When former Secretary of State Madeleine Albright passed away just a few months ago, I was reminded of an anecdote she frequently shared. Albright and her family were exiled from Communist Czechoslovakia in the 1940s and spent time in London before resettling in the United States. She stated that her father would compare the sometimes-unpleasant remarks made by people in London about when they would be returning home to the welcome they received in the United States.
She would remark that “in the United States people would say: ‘You’re welcome here. What can we do to help you and when will you become a citizen?.…my father said that is what made America different from every other country.”
As a nation, we have often prided ourselves on our welcoming and generous spirit. We have built a narrative, true or not, that we are a country founded on, built by, and enriched by immigration, including those who have arrived in search of safety. The resettlement numbers alone show our nation has welcomed nearly 3.5 million refugees displaced by war and violence since 1975, more than any other nation in the world. And it is true that welcoming refugees enriches us; refugees resettled in the United States are productive, contribute to our economy, and are valued members of our schools, faith, work, and sporting communities.
I am proud of this legacy. I think we all can and should be.
But if this spirit of welcome is truly what sets us apart as a nation; if that is truly what makes us different from every other country, as Madeleine Albright’s father believed, then I fear we have lost our way.
Our resettlement program and overall contribution to the global refugee crisis have been decimated over the last five years. From 2017 to 2020, our refugee admissions fell by 86 percent, reaching an all-time low in the fiscal year 2021.
The drastic cuts designed to narrow the categories of refugees eligible for protection in the United States deter vulnerable people from crossing our borders. However, policies regarding refugees may be changing. At the recent Summit of the Americas, leaders from the United States, Canada, Spain, and Latin America committed to a more integrated approach to migration management. The United States hopes to persuade nations throughout the region to welcome migrants and provide opportunities for them to obtain humanitarian protection while also earning a living.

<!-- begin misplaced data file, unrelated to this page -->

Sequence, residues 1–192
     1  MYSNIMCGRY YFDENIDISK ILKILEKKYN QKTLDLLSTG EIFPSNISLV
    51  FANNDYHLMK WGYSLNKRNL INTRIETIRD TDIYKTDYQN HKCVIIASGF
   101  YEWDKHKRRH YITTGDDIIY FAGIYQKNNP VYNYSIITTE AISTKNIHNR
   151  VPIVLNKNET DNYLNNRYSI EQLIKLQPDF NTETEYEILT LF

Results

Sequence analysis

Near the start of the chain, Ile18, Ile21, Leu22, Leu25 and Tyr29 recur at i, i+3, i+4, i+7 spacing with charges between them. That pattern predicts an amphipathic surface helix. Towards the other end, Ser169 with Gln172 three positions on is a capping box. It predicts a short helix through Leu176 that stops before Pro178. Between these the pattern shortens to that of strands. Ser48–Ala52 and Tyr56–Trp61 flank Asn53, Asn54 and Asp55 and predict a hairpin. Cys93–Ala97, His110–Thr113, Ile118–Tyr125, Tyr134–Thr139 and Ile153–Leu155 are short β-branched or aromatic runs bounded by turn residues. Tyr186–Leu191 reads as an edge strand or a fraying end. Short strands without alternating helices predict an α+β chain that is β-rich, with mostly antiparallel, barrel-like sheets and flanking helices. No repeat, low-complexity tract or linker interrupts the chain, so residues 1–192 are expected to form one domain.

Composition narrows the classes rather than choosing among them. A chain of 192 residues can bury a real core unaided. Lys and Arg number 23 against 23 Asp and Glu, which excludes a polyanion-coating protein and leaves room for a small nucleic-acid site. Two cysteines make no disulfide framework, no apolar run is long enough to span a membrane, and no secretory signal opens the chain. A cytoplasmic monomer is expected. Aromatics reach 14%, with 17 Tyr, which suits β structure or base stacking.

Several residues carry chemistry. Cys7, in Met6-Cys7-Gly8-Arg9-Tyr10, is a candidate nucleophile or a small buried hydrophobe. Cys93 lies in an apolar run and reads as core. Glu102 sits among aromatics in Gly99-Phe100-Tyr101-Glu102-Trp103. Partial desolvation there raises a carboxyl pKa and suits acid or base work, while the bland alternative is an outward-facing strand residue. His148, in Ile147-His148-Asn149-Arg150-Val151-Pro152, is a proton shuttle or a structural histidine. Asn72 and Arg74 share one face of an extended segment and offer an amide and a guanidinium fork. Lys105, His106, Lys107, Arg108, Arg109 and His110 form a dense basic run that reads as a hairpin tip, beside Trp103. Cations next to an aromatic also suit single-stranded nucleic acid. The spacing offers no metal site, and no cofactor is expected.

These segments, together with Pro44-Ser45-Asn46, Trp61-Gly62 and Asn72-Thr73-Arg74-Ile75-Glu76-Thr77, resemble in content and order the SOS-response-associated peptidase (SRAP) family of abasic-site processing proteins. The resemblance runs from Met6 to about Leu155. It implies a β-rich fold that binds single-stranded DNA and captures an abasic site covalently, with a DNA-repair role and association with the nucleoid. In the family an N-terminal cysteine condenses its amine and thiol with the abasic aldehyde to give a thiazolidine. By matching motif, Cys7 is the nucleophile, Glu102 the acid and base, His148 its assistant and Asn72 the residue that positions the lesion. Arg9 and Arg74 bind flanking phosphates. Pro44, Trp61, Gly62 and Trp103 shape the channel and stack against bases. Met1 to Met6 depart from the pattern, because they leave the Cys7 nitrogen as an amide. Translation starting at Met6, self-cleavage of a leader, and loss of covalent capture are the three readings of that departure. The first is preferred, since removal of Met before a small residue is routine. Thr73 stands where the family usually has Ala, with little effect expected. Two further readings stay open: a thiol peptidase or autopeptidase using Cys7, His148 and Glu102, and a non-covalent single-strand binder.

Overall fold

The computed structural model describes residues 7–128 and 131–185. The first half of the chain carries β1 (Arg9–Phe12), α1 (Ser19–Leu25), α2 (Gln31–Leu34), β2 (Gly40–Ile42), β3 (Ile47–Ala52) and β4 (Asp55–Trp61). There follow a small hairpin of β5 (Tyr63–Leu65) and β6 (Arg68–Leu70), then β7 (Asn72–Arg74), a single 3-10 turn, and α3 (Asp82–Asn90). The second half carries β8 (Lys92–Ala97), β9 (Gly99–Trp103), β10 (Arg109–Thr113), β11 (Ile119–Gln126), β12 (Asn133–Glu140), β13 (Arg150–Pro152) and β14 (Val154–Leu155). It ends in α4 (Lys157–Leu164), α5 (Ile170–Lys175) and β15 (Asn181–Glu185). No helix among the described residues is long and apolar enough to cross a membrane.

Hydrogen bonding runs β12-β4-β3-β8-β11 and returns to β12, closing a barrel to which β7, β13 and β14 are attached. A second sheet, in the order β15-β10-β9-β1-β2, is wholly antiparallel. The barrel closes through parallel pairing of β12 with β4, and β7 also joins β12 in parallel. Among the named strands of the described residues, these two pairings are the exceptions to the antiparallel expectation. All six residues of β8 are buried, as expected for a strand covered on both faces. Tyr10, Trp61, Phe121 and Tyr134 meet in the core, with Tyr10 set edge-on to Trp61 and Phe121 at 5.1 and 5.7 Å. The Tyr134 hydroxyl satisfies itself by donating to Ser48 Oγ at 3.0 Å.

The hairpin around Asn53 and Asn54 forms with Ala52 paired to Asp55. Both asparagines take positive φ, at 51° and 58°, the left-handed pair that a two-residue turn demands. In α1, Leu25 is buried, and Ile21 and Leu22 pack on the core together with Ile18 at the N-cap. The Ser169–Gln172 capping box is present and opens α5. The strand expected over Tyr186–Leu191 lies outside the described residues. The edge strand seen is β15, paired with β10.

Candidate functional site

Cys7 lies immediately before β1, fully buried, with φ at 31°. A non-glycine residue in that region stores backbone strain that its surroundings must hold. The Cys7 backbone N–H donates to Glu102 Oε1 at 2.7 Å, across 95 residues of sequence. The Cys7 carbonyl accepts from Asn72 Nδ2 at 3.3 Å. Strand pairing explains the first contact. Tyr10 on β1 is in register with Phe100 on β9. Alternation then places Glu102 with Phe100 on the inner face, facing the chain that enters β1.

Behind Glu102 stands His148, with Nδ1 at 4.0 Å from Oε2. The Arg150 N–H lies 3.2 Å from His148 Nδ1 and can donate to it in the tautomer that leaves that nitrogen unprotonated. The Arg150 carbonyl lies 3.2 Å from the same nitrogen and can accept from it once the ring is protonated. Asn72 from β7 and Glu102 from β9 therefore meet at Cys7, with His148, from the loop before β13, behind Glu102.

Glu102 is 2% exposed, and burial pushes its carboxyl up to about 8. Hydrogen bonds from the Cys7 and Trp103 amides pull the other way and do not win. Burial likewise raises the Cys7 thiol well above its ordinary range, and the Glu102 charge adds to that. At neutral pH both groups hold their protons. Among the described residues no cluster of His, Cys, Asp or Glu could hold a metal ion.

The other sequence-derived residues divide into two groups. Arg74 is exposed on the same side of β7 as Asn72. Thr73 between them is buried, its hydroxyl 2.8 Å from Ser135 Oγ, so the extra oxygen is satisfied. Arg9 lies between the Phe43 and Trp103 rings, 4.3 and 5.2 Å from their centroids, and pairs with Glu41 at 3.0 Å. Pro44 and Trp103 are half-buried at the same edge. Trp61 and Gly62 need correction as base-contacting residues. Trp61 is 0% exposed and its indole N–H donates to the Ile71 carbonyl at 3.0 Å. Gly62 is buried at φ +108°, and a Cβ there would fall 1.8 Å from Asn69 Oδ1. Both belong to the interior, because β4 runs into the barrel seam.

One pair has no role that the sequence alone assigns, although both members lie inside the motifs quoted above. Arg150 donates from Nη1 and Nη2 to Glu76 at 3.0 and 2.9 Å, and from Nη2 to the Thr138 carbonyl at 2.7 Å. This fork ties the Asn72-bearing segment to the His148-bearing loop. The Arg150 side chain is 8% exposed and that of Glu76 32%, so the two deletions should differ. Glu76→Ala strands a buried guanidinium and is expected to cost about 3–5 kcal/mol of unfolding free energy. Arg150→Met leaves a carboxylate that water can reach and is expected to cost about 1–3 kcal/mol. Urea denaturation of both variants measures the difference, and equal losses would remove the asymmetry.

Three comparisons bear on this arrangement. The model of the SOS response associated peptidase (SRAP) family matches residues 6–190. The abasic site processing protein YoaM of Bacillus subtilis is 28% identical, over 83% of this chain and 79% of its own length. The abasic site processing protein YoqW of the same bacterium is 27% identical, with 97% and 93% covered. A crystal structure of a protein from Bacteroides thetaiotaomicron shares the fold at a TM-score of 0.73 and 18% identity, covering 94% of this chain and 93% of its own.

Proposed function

In the last 6 months, we have also seen the U.S. act swiftly and generously to protect tens of thousands of people fleeing Ukraine and Afghanistan through boosts in humanitarian funding and humanitarian parole systems designed to expedite their entry into the country. These measures are far from perfect—but they demonstrate that if we are willing to act quickly to protect people fleeing violence, we can and we will.
The problem is that too often, we won’t.
The UN has just announced that there are more than 100 million people forcibly displaced right now and the global number of refugees is at its highest level ever recorded.
ADRA International, our non-governmental organization, works in many of the countries most affected by refugee-creating conflicts, including Syria, Myanmar, Bangladesh, South Sudan, Afghanistan, and Ukraine. The violence and persecution that these vulnerable men, women, and children are fleeing are almost unimaginable.
As one of the world's wealthiest and most powerful nations, we have both the opportunity and the responsibility to respond.
We should begin by providing permanent protection for newly arrived Ukrainian and Afghan refugees who, due to their humanitarian parole status, are unable to access full services or have a pathway to permanent residency, leaving them vulnerable to deportation once their two-year parole period expires.
We should consider raising the cap of refugees to 125,000 at a minimum here in the U.S.), in addition to the humanitarian parole intake numbers. This would ensure that the United States remains open and welcoming to refugees fleeing conflict and persecution from around the world. Funding should also be provided to NGOs and on-the-ground workers to ensure that this dramatic scale-up can be achieved and even exceeded.
Though as a country, we should do more to contribute to global peace. Violence and conflict continue to be major drivers of global refugee flows. As a country with significant influence and power in the international community and the UN Security Council, we should continue to use our influence to promote peaceful solutions to refugee-creating conflicts around the world.
This week, in honor of World Refugee Day on June 20, Adventists all over the world are coming together to reflect on the global refugee crises and to work toward a more just world for all. Our faith impels us to love our neighbors regardless of who they are, where they live, or what their circumstances are. It's the kind of love that goes beyond politics, borders, and fear. It's the kind of love that, in my opinion, has the potential to genuinely change the world.
Right now, our generous, welcoming, and humane response to refugees fleeing some of the most desperate situations is not what distinguishes us from other countries. But it could be. And it should be. And I hope and pray that this will become a reality soon.
Herma Percy, Ph.D., Director of Advocacy, Adventist Development and Relief Agency (ADRA)
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